Three examples of this can be seen below. The first is a video showing how the basic process works, and showing people who are wearing VR headsets and experiencing a virtual tour. Meanwhile, the second and third examples are 360 degree videos, which can be viewed with VR glasses or a Google Cardboard for a more immersive experience.

Example #1: A Virtual Honeymoon to London and Hawaii

Example #2: Visit Hamilton Island in 360 Virtual Reality with QantasBest viewed with VR glasses or a Google Cardboard

Example #3: Maldives VR 360 4K VideoBest viewed with VR glasses or a Google Cardboard

Another common use of virtual reality technology within the hotel industry is for virtual hotel tours. These tours can be made available on hotel websites, allowing guests or potential guests to take a look at their hotel room, or other parts of the hotel, before they book or before they arrive.

While these tours are best experienced with a VR headset, they can also potentially be made available to those without access to a headset on social media sites like Facebook, using its 360 degree video technology.

Example: Atlantis Dubai Virtual Tour VR 360Best viewed with VR glasses or a Google Cardboard

Finally, one of the more interesting uses of VR technology in recent times has been the creation of virtual reality booking processes. This has recently been put into action by companies like Amadeus, allowing customers to look for flights, compare hotel prices and book rooms through a virtual reality headset.

The potential for this has not yet been fully explored, but it is easy to see how this VR booking process can allow customers to explore virtual hotel rooms, experience local sights and book a room seamlessly.

Virtual Reality travel search and booking experience

Would you like to learn more about other digital technologies which can benefit your business? Have also a look at the articles How Augmented Reality is Transforming the Hospitality Industry and Using Artificial Intelligence in the Hospitality Industry.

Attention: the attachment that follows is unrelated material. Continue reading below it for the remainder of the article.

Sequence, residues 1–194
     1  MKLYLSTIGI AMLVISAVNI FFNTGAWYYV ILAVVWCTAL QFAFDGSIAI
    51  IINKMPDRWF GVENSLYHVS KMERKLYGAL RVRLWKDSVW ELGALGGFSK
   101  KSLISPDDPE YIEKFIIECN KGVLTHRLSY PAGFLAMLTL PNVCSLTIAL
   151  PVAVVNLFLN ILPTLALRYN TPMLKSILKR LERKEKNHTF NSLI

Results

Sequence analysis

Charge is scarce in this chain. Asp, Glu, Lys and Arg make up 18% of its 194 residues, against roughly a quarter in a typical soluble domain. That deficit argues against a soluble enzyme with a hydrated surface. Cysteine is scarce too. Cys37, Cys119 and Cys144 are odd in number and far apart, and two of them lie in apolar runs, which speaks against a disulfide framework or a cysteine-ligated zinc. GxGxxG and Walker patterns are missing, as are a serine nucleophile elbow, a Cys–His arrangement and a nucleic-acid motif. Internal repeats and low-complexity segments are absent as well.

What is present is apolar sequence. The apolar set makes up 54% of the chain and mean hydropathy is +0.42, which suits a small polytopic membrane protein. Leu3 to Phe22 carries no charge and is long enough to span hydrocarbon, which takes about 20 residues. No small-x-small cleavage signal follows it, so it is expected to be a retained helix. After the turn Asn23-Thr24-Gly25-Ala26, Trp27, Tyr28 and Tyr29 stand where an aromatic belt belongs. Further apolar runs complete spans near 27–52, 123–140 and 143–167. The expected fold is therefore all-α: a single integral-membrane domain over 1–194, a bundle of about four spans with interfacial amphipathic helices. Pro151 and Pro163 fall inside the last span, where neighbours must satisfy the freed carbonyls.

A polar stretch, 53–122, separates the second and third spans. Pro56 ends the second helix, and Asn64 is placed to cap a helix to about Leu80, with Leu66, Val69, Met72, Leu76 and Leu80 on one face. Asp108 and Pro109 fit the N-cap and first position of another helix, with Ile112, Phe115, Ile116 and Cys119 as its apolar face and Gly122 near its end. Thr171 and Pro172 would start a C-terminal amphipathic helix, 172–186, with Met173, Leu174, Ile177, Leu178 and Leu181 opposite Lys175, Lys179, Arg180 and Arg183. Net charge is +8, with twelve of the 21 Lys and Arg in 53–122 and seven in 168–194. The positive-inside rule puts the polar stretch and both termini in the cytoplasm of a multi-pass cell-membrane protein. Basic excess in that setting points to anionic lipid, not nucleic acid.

With digital technology continuously evolving, it should come as little surprise that its applications within the travel and hospitality industry evolve too. In the following articles you find the most innovating digital trends in the hospitality industry.

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How Virtual Reality (VR) can Enrich the Hospitality Industry

What is Virtual Reality? – Virtual Reality Society

The definition of virtual reality comes, naturally, from the definitions for both virtual and reality. The definition of virtual is near and reality is what we experience as human beings. So the term virtual reality basically means near-reality. This could, of course, mean anything but it usually refers to a specific type of reality emulation.

We know the world through our senses and perception systems. In school we all learned that we have five senses: taste, touch, smell, sight and hearing. These are however only our most obvious sense organs. The truth is that humans have many more senses than this, such as a sense of balance for example. These other sensory inputs, plus some special processing of sensory information by our brains ensures that we have a rich flow of information from the environment to our minds.